Jerry Maas, owner of the construction company, refutes that claim. Maas says his nonunion employees not only are paid a fair wage but probably make more in a year than most union workers do.

"I guess what they call 'area standards' and what everybody else calls 'area standards' are just two different things," Maas said.

Martin said no union carpenters are doing work on a Maas Construction job site in a portion of the former K's Merchandise building.

"He (Maas) is not a union contractor, so our guys wouldn't be able to go to work for him," Martin said. "So we're basically informing the public that we don't believe he's paying area standards — and that's wages and benefits."

Maas admits his firm is "not union and I don't hire a lot of union carpenters." However, he says he has a regular crew of solid, reliable employees who are given a fair wage and a wide range of benefits, including health insurance, pension and paid holidays.

Union carpenters "want to work for one wage and work six months out of the year, and we work for another wage and work all year round," Maas said.

"I've got guys that have been with me 10 to 20 years, and they work all year round, and they're making more money than those guys, regardless of what they tell you."

Maas believes the picketing is intended to try to prevent him from winning a bid to build the new County Market store that will go inside the old K's Merchandise building. Bidding is currently under way for that project, and Maas Construction is one of the bidders.

"They're trying to squeeze Niemann Foods into not hiring us if we're the low bidder," Maas said.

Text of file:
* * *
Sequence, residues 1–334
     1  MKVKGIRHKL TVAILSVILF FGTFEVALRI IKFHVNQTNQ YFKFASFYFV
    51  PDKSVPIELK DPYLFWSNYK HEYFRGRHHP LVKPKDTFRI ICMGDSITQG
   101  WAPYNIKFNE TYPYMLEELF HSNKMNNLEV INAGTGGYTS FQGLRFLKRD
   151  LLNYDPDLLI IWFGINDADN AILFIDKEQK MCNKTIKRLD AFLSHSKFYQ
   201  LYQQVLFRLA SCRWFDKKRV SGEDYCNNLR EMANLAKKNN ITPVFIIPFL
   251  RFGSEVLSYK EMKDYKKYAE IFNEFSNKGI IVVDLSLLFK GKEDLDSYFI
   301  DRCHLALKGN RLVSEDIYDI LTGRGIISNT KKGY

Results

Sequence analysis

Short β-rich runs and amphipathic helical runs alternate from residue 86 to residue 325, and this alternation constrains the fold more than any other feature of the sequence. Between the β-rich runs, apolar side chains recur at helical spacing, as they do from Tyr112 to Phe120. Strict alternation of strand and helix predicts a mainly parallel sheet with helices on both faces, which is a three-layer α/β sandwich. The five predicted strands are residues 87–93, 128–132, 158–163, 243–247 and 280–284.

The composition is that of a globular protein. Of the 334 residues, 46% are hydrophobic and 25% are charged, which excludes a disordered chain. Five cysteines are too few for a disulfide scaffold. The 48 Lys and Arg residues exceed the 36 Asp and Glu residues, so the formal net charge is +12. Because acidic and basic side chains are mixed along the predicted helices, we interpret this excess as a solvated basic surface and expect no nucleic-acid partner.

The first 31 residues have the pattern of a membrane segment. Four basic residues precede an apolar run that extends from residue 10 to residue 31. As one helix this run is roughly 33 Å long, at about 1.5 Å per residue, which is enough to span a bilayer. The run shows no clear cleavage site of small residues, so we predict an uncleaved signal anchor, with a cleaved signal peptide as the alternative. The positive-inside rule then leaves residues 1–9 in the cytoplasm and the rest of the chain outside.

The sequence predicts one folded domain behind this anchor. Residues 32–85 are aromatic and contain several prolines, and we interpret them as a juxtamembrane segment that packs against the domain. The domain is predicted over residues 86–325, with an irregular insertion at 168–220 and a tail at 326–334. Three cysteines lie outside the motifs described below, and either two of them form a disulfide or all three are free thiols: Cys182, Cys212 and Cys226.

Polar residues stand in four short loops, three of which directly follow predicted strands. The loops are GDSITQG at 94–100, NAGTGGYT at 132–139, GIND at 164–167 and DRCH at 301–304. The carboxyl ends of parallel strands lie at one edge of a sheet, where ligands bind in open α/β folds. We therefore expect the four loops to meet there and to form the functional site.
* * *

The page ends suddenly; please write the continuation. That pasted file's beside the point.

A pet supply shop has already been built on the west side of the old K's complex. Maas said his crew is currently working on a Pampered Pets business that will occupy about 1,000 square feet in one corner of the 88,000-square-foot building.

Tuesday, November 27, 2007

Supervision for Carpenters’ Local Union 157

By Steven Greenhouse --The New York Times
The carpenters’ union local for the East Side was placed under emergency supervision yesterday by Douglas McCarron, the president of the parent union in Washington. In a news release, the parent union, the United Brotherhood of Carpenters and Joiners, said officials with Local 157 here had acted inconsistently with the standards expected of the union’s employees. Members of the carpenters’ union said its independent investigator was looking into allegations of no-show jobs at Local 157. Also yesterday, the union announced that the business manager of Local 157 had resigned. One business representative was fired, a second resigned and a third was suspended, the union said. Mr. McCarron has appointed the union’s Eastern District vice president, Frank Spencer, to temporarily oversee Local 157.

Monday, November 26, 2007

Local 157 Under Temporary Supervision

Latest Update: I went to the local Monday morning, here's what happened. President and business manager Bill Hanley, Vice President/ business representative George Dilacio and Financial Secretary/business representative Fred Kennedy have resigned. Trustee/business representative Danny Demorato has been reassigned to work in another area. The local was placed under an emergency supervision by General President Douglas McCarron. Eastern District Vice President, Frank Spencer has been appointed to temporarily oversee the supervision of Local 157.

NYC District Council EST Michael Forde, has appointed council organizers Rambo Ibric and Anthony Puglise as temporary business representatives and Lawrence D’Errico has been named business manager.